Are the events in The Terminator movies no longer complete science-fiction? Are autonomous weapon systems ethical and how likely is the government set to deploy them? Robotics and artificial intelligence expert and CEO of the Patriarch Organization, Eric Schiffer, joined Richard Syrett in the first half of the show to discuss the future of warfare using advanced artificially intelligent robots, and if a situation as presented in The Terminator franchise may soon be upon us.
Advancements in drone technology, self-driving vehicles, and algorithms which allow computers to beat humans at strategy games Chess and Go, are the leading the way to fully autonomous weapons, Schiffer explained. Once we add weapon systems to something with the ability to think and move on its own, it will be able to execute lethal operations without human interference, he added. "The concern is what would happen if you have an ever-increasing level of artificial intelligence that has a system that allows itself to continue to expand its knowledge... and then can begin to have, in time, a consciousness," Schiffer said.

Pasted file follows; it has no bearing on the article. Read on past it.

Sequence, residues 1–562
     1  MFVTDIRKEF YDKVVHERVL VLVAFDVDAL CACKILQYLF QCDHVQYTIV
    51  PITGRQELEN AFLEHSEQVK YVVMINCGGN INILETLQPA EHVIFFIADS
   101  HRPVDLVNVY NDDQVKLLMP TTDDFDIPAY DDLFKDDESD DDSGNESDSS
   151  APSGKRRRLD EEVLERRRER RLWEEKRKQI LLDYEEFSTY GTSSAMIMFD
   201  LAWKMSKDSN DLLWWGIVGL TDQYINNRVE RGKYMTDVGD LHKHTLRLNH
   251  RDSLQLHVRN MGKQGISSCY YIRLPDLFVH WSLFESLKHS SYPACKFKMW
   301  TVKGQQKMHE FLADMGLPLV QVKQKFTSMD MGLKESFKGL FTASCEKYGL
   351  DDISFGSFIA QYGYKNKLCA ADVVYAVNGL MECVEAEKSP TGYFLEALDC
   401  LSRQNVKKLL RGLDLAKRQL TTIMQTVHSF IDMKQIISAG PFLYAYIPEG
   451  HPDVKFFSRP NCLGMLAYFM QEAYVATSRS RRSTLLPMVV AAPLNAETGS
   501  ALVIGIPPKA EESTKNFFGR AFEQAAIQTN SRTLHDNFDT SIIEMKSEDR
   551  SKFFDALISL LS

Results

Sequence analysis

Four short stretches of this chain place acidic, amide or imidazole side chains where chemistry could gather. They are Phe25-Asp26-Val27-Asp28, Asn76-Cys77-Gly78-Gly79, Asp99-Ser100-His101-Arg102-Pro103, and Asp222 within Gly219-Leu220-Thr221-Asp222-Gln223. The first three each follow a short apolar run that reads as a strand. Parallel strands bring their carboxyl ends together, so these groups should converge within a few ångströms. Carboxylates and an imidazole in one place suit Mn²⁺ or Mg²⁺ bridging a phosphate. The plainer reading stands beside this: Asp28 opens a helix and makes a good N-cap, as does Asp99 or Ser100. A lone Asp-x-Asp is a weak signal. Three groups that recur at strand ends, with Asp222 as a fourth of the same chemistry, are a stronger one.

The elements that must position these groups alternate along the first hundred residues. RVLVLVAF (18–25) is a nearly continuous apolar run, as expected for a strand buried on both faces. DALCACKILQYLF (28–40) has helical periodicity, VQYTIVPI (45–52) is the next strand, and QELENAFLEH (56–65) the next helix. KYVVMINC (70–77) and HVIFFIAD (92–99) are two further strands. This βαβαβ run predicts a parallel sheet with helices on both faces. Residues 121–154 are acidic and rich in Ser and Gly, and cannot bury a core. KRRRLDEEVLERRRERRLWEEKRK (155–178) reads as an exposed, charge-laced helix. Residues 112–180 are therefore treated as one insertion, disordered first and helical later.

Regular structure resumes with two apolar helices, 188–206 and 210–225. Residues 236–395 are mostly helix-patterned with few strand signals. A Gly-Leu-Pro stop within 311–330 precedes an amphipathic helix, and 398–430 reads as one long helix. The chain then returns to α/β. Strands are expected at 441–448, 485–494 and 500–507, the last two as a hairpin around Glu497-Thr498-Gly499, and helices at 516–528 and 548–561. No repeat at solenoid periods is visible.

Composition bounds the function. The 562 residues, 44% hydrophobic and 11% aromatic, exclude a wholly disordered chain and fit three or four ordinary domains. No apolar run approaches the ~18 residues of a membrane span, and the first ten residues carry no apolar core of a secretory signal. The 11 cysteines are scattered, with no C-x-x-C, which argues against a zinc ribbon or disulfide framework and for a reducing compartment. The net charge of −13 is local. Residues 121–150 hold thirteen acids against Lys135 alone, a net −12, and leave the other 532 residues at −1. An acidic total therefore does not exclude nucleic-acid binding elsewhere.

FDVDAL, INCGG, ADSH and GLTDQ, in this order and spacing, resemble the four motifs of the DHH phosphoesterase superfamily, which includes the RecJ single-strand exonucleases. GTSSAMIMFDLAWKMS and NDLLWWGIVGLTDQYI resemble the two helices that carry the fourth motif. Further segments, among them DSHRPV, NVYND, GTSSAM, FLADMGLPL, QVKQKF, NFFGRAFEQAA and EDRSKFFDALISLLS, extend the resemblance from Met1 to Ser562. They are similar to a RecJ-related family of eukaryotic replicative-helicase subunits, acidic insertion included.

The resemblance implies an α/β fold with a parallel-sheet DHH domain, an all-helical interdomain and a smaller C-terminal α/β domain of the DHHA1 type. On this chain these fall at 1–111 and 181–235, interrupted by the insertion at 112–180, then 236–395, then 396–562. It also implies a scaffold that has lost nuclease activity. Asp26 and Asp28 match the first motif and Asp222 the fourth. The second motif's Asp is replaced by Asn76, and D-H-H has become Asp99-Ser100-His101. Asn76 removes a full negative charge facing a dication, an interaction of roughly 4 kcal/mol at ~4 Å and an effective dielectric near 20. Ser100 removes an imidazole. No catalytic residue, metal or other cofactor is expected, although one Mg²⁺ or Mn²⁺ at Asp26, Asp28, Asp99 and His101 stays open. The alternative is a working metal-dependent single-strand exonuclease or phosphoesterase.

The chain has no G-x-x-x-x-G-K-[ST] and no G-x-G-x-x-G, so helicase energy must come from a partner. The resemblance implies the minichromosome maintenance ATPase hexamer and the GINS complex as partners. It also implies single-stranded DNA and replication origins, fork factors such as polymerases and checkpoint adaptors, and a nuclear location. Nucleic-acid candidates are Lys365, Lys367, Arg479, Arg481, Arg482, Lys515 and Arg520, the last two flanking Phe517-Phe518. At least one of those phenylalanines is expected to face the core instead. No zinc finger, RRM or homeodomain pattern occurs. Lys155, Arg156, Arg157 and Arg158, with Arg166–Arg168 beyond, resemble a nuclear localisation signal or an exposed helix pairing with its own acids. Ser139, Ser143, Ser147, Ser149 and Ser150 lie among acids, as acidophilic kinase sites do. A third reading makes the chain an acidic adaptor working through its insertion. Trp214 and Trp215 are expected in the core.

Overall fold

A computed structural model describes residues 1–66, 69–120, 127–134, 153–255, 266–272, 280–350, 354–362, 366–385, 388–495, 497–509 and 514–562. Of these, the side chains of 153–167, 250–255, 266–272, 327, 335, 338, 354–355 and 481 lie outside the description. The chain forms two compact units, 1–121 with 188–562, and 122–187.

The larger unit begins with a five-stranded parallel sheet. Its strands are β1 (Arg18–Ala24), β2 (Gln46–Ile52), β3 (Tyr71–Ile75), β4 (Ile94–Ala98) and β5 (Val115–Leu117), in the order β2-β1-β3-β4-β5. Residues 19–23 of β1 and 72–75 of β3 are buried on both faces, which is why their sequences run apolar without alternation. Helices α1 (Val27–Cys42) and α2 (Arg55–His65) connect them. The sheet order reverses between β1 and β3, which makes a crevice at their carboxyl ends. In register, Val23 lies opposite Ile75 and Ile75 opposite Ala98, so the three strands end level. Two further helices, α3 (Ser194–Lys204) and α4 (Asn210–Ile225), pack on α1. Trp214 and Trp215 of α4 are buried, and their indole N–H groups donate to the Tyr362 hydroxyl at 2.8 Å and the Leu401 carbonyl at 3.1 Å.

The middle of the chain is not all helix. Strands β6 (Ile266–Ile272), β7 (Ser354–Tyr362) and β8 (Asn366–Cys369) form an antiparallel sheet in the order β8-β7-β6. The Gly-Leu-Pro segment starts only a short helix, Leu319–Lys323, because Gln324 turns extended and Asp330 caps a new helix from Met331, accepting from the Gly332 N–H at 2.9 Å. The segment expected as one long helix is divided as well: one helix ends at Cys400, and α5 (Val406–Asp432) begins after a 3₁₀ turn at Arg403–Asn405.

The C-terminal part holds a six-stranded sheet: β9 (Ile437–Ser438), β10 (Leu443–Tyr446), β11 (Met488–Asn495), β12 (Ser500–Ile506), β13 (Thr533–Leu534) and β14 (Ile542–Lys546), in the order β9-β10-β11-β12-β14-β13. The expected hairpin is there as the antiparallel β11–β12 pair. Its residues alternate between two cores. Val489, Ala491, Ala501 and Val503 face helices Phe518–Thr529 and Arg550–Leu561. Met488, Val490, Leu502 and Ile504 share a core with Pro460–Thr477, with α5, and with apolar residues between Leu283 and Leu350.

Schiffer called the steady march toward a fully robotic battlefield a huge challenge for humanity, and revealed how fully autonomous swarms of tiny robots could work together to achieve an objective much like a pack of wolves. He warned about the implications of artificially intelligent robots not sharing humankind's code of morality, and the possibility of losing control this technology. Schiffer pointed out that there are no restrictions in place to prevent any nation or organization from developing lethal fully autonomous devices. Robots will supersede human fighters, eventually look like them, and at some point we will lose control, he predicted. Such weapons will likely be online by mid century as precursor systems, like Israel's fully autonomous unmanned combat aerial vehicle (IAI Harpy), already exist, Schiffer observed.
Open Lines followed in the latter half of the program. Shannon in Oklahoma City, told Richard she is an 'electrical person' who consistently shocks people she touches, causes microwaves and computers to malfunction, and can pop light bulb filaments. Shannon believes her strange condition may be related to Fibromyalgia.
Several callers weighed in on artificial intelligence and robotic warfare. Leslie in Birmingham, Alabama, expressed her concern about those in power pitting human assets against machines and keeping their true intent hidden. She likened it to the HAL 9000 computer in 2001: A Space Odyssey, which sought to continue its general mission by leaving the crew to die in space. Denton from Sedro-Woolley, Washington, praised technological advances which led to robot vacuums, but suggested artificially intelligent self-driving systems in passenger cars might be too much and result in needless deaths.